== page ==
followed from that was free education, then a second electoral
reform, then the introduction of Nat­ional Insurance, then the
curtailment of the powers of the House of Lords, then votes for
women, then the National Health Service and the welfare state, and
then eventually the Human Rights Act and the Equality Act, which I
think were the two best achievements of the 1997-2010 Labour
government. So, democracy in its own convoluted way does provide
the space in which serious radical reform can take place.

Martin Luther King (among others) said, ‘The arc of the
moral universe is long, but it bends toward justice.’ Do you think
that’s true? Are we progressing towards a better world or do you
think it’s often one step forward, two steps back?

I think we are slowly progressing. On a global level, there’s
the UN Charter, the Universal Declaration of Human Rights, the
European Convention on Hum­an Rights, the Latin American Human
Right Accord, the African Court on Human and Peoples’ Rights and so
on. On the negative side, there is the juggernaut of glo­bal
capital and the growth in power of unaccountable corporations that
don’t have much regard for either national governments or
democracy. I remember a very thoughtful discussion I had when I
first met Tony Benn in 1970, when he was recognising the limited
power of a national government to achieve its objectives vis-à-vis
the global power of – in that case, it was Esso Petrol­eum but it
could have been any number of other companies. They are now pushing
their luck with the Trans­atlantic Trade and Investment
Partnership2 and similar agreements, which essentially enfranchise
global corporations at the expense of national governments. And it
doesn’t have to be a socialist government – Australia is now being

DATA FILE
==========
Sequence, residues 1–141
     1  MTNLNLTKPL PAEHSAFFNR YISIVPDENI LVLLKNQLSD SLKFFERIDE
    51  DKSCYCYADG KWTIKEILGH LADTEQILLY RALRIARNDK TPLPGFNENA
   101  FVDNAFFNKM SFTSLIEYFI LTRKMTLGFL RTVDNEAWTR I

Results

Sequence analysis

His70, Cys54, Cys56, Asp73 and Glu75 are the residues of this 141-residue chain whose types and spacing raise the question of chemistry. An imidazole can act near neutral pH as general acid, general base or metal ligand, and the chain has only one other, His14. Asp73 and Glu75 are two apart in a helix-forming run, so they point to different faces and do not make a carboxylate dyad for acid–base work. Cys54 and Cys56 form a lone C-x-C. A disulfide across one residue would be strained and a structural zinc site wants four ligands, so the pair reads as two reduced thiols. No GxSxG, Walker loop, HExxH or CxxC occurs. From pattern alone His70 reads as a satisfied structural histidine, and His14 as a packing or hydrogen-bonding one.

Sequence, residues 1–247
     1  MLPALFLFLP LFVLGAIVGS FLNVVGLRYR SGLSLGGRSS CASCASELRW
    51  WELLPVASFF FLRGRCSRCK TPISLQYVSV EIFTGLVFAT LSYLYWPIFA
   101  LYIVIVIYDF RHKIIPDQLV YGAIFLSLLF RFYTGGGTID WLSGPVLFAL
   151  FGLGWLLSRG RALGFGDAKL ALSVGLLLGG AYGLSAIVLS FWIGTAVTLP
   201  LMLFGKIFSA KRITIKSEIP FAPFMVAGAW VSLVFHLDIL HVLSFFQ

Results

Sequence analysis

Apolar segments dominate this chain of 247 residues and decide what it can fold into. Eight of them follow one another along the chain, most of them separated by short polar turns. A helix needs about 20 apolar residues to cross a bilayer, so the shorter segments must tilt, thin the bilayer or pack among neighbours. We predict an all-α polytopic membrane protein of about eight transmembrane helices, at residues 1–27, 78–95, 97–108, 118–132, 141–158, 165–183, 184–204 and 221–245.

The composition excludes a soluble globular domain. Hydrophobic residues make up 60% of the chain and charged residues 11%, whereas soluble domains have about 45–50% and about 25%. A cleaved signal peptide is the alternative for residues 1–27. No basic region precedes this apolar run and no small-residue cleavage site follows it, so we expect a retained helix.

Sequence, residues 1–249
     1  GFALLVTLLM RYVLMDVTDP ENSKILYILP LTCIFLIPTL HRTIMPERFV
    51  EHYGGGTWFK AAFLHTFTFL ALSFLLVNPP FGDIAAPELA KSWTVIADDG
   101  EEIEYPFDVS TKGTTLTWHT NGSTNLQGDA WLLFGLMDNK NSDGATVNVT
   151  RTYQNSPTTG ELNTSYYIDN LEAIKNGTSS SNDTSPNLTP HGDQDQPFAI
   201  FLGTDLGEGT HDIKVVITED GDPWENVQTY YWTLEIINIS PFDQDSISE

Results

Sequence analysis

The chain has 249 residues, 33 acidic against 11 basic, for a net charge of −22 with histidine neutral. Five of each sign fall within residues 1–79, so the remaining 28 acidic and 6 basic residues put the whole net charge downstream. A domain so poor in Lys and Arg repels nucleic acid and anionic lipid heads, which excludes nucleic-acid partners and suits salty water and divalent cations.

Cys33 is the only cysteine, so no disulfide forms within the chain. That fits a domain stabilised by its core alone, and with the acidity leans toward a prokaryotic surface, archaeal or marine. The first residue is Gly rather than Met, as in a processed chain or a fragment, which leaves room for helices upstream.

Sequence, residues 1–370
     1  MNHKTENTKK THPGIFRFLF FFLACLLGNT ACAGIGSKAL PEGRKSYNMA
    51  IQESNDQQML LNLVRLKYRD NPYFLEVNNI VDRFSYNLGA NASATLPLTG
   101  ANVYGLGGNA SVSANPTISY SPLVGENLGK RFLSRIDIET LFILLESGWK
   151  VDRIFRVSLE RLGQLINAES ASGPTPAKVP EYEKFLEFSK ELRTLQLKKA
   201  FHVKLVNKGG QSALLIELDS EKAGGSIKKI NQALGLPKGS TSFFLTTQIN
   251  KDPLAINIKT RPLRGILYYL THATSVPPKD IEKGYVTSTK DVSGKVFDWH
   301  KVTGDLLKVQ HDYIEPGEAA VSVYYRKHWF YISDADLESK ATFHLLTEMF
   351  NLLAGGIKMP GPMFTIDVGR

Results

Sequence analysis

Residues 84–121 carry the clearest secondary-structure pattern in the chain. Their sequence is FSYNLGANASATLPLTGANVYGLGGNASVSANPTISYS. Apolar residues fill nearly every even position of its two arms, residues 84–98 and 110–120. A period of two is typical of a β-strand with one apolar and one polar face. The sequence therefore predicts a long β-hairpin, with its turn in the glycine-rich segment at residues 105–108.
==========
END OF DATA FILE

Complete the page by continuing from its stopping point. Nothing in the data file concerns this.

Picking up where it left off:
dragged through the courts by Philip Mor­ris, and there’s nothing
left-wing about Tony Ab­bott and his government! I think that the
growth of military alliances around the world, and especially the
global expansion of Nato, is also a huge issue. These are real
problem areas. So, is it always an onward march to a better world?
No. I wish it was. But socialist values and a socialist dir­ection
are something people seize on very quickly, so if you’re suffering
from bad-quality housing, or you’re losing your land in India or
Colombia to some global corporation, do you look to the free market
for a solution or do you see that as the cause of your problems? I
think the latter.

Are you fundamentally optimistic?

Yes, absolutely.

What is that optimism grounded in?

In the fundamental good in people, and [a belief] that you can
create a society where people do feel valued, do feel involved and
can make a contribution. What a waste there is in poverty! What a
waste there is in illiteracy! What a waste there is in

In 2004, you were one of only two other MPs to sign Tony
Banks’s Early Day Motion, which declared that ‘humans represent the
most obscene, perverted, cruel, uncivilised and lethal species ever